Kings

Kings snap skid with win over Lakers

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Kings snap skid with win over Lakers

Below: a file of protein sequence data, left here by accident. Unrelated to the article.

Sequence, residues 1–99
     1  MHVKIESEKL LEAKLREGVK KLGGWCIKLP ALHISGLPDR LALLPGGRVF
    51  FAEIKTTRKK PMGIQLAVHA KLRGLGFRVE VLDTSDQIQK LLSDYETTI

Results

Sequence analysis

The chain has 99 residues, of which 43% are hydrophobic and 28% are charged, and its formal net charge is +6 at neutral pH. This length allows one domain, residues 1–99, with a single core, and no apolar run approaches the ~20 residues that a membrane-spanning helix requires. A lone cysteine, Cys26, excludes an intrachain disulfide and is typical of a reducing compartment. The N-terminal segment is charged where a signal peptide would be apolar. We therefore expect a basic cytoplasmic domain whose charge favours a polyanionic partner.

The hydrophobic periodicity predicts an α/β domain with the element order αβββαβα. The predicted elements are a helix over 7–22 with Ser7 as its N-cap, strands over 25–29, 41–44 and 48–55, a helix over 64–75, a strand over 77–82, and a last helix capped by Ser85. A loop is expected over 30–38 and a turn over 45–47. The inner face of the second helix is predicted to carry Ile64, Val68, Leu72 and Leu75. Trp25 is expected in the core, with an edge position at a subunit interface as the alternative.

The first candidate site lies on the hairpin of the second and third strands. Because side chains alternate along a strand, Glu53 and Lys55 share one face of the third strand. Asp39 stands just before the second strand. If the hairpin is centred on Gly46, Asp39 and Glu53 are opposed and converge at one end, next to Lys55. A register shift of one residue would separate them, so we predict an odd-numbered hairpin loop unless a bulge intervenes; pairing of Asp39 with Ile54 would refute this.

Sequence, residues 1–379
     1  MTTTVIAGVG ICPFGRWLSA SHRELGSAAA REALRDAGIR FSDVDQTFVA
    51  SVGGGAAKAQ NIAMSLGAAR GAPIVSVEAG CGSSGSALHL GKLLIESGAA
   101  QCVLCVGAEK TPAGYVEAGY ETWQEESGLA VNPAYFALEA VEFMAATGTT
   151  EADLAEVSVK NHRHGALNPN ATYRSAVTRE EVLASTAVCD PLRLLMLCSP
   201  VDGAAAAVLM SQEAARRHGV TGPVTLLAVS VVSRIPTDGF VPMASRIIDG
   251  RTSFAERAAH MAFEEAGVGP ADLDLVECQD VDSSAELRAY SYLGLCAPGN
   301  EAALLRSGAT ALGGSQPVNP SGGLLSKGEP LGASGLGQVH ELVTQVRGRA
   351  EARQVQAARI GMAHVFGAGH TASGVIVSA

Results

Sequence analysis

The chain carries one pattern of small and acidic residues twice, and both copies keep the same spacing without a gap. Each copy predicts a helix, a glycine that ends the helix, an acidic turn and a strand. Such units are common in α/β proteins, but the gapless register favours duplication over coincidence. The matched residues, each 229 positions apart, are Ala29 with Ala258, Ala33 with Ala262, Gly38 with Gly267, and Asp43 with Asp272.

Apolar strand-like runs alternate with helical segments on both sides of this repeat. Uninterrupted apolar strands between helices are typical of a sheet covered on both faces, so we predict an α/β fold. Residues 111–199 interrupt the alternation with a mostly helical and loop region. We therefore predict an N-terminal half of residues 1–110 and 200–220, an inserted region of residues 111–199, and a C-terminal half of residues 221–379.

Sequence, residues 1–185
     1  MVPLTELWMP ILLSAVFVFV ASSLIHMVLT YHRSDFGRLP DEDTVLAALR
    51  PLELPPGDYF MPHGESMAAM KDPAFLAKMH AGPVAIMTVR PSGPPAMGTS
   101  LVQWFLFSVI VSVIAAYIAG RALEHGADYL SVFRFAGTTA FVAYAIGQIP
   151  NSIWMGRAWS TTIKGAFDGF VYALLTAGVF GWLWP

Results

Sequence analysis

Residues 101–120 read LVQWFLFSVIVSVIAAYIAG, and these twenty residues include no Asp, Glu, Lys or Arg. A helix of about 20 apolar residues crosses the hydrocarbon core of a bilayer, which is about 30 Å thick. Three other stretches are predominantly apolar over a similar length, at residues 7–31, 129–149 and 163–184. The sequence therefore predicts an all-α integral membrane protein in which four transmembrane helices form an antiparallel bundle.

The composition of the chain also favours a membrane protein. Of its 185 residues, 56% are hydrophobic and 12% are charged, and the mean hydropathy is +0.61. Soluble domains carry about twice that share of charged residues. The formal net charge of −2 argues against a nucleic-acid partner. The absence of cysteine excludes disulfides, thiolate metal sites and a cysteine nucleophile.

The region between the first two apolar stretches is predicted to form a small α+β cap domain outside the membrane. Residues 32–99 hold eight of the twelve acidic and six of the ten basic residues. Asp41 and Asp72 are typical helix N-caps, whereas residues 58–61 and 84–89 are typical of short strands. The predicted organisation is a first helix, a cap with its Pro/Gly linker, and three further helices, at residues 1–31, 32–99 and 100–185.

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SACRAMENTO (AP)The Los Angeles Lakers had talked about bringing Showtime back to the franchise when they hired Mike D'Antoni to implement his fast and flashy offense.The curtains are still waiting to be raised on that act.Kobe Bryantscored an efficient 38 points butDwight HowardandPau Gasolstruggled inside, and the lethargic Lakers lost 113-97 to the struggling Sacramento Kings on Wednesday night to snap a three-game winning streak."If we're going to play Showtime, my God, they just closed the whole theatre on us," D'Antoni said. "Showtime, are you kidding? It was Muppet Time."Marcus Thorntonscored 23 points andTyreke Evanshad 18 to pace Kings, who had lost five straight games.Jason Thompsonadded 13 points and 10 rebounds to help Sacramento run away in the fourth quarter and cement the latest Lakers setback.Los Angeles seemed to be turning things around since hiring D'Antoni. Instead, the Lakers looked lost and listless against the Western Conference's worst team, showing all the same problems that got coach Mike Brown fired."The first half might have been the worst basketball I've seen in 10 years," D'Antoni said. Later, he added, "It was like we were wrestling in mud."Bryant finished 11-of-20 shooting andJodie Meekshad 15 points off the bench as D'Antoni lost for the first time on the Lakers bench. A night after beating Brooklyn in Los Angeles, the Lakers might've been bad enough to give D'Antoni a headache to go with the pain still throbbing in his surgically replaced knee.Bryant still almost willed his tired team back.After the Lakers went down by 10 points early in the fourth quarter, he converted a three-point play overDeMarcus Cousinsthat sliced Sacramento's lead to 96-92 with 3:06 remaining. Thornton thwarted the rally in a hurry, swishing a 3-pointer from the top of the key on the next possession.Officials whistled Gasol for a flagrant foul when he swatted Thompson in the face going for a rebound. Thompson made one of two free throws, Cousins added a pair of driving layups and a free throw to put Kings ahead 105-93, and the home fans chanting "Beat L-A! Beat L-A!" while Bryant finished the game on the bench with a towel over his head."It always feels good beating the Lakers," Thornton said. "Our fans were into it so we don't really want to let them down. So we came out and played hard, I don't know what for, but we played extremely hard against the Lakers."Though point guardsSteve NashandSteve Blakeare expected to be out with injuries for at least another two games, the limited Lakers talent was hardly an excuse in this matchup.The Lakers held Sacramento to 31 percent shooting in the first quarter. Kings big manChuck Hayesalso had to go back to the locker room to receive stitches after he was cut around his right eye and had blood dripping down his cheek, and yet Los Angeles still only led by six.Aaron Brooksstarted Sacramento's spurt in the third quarter when he floated an underhand layup over Howard and drew a foul for a three-point play on the new Lakers center, who tumbled hard into a row of photographers under the baseline. Brooks added a jumper and a 3-pointer to highlight the 17-5 run that put the Kings ahead 69-58."Our team went on a whirlwind," Kings coach Keith Smart said.D'Antoni kept yelling and motioning for the Lakers to sprint up court to match Sacramento's speed. Instead, they often kept the pace at a slow crawl.Howard finished with seven points on 2-of-4 shooting. Gasol scored eight points on 3 of 10 from the field, and the Lakers were outscored 50-22 in the paint."It seemed like we were a little lethargic for whatever reason," Bryant said. "We just have to push through it, particularly the second unit, especially while Dwight is in there. You don't have to go to as many pick-and-rolls, really, just dump the ball down to him and let him operate."Never happened.After the Lakers closed within a point,James Johnsonmade three straight layups during an 11-2 run that put the Kings ahead 88-78 early in the fourth quarter. D'Antoni called a timeout in the middle of Sacramento's surge to put his starters back in the game and give his listless Lakers a chance to refocus.No chance for that now.D'Antoni's knee - and the Lakers mettle - will be tested even more. Los Angeles plays at Memphis on Friday and at Dallas on Saturday to complete a quick three-game trip."I think you always have a little bit of shock when a guy comes in new, and so you start off all like puppies out there," D'Antoni said of his team's turnaround when he was hired. "Now it's back to reality a little bit."NOTES: The Kings won all three preseason games against the Lakers. The series is 1-1 in the regular season, with the home team winning each time. ... Howard made 3 of 4 free throws after going 7 for 19 from the line a night earlier against Brooklyn. His first attempts came with 7:07 remaining in the fourth quarter.